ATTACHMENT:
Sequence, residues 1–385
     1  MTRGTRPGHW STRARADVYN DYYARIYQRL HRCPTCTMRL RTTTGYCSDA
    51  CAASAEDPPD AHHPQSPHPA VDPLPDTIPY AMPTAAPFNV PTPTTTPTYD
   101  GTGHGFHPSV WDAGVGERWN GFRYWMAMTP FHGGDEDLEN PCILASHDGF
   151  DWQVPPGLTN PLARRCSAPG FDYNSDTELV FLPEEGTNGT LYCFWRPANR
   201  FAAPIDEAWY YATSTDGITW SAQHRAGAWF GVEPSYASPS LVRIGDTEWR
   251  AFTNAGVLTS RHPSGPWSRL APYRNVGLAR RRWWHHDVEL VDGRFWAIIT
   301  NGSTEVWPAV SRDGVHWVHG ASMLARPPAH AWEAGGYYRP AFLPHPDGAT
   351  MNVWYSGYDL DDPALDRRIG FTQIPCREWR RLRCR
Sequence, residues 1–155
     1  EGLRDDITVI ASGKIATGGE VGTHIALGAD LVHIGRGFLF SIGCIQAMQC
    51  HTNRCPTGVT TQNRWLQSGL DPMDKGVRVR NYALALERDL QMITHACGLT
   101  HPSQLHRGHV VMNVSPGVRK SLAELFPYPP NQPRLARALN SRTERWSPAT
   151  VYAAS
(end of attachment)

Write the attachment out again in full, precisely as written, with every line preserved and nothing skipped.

Sequence, residues 1–385
     1  MTRGTRPGHW STRARADVYN DYYARIYQRL HRCPTCTMRL RTTTGYCSDA
    51  CAASAEDPPD AHHPQSPHPA VDPLPDTIPY AMPTAAPFNV PTPTTTPTYD
   101  GTGHGFHPSV WDAGVGERWN GFRYWMAMTP FHGGDEDLEN PCILASHDGF
   151  DWQVPPGLTN PLARRCSAPG FDYNSDTELV FLPEEGTNGT LYCFWRPANR
   201  FAAPIDEAWY YATSTDGITW SAQHRAGAWF GVEPSYASPS LVRIGDTEWR
   251  AFTNAGVLTS RHPSGPWSRL APYRNVGLAR RRWWHHDVEL VDGRFWAIIT
   301  NGSTEVWPAV SRDGVHWVHG ASMLARPPAH AWEAGGYYRP AFLPHPDGAT
   351  MNVWYSGYDL DDPALDRRIG FTQIPCREWR RLRCR
Sequence, residues 1–155
     1  EGLRDDITVI ASGKIATGGE VGTHIALGAD LVHIGRGFLF SIGCIQAMQC
    51  HTNRCPTGVT TQNRWLQSGL DPMDKGVRVR NYALALERDL QMITHACGLT
   101  HPSQLHRGHV VMNVSPGVRK SLAELFPYPP NQPRLARALN SRTERWSPAT
   151  VYAAS